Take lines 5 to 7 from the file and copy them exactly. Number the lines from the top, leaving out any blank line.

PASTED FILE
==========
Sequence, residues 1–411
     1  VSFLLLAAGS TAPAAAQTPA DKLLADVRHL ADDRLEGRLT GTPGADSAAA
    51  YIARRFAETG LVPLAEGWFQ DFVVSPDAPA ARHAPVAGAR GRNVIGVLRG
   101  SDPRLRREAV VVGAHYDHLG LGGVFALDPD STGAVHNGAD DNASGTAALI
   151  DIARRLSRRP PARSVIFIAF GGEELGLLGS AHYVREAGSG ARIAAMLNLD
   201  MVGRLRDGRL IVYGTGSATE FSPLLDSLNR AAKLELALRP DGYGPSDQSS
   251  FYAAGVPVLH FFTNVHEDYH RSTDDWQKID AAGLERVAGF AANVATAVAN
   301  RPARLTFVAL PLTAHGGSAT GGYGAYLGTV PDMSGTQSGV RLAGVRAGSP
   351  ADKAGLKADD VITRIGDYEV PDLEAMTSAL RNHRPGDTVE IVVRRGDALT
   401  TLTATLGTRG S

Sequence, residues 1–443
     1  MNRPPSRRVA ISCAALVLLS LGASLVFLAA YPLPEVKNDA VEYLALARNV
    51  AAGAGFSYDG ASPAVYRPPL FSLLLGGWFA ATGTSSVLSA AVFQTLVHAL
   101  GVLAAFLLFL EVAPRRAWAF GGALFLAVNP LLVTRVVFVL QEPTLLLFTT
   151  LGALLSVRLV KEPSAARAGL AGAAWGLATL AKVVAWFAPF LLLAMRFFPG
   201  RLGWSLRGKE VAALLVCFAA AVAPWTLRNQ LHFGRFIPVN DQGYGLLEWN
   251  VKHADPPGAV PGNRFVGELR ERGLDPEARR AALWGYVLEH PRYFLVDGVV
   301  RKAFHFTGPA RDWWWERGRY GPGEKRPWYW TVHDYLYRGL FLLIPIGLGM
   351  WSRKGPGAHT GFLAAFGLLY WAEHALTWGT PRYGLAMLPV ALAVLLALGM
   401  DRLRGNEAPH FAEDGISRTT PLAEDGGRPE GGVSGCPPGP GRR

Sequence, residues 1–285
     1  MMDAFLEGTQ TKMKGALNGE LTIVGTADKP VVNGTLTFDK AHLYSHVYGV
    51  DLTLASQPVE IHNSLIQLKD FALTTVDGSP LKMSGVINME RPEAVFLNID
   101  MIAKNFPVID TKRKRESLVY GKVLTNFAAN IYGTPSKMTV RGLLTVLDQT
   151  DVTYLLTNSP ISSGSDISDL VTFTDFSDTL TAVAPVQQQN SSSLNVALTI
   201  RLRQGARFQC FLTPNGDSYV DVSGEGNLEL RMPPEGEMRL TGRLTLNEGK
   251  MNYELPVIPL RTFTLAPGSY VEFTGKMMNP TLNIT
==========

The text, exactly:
   151  DIARRLSRRP PARSVIFIAF GGEELGLLGS AHYVREAGSG ARIAAMLNLD
   201  MVGRLRDGRL IVYGTGSATE FSPLLDSLNR AAKLELALRP DGYGPSDQSS
   251  FYAAGVPVLH FFTNVHEDYH RSTDDWQKID AAGLERVAGF AANVATAVAN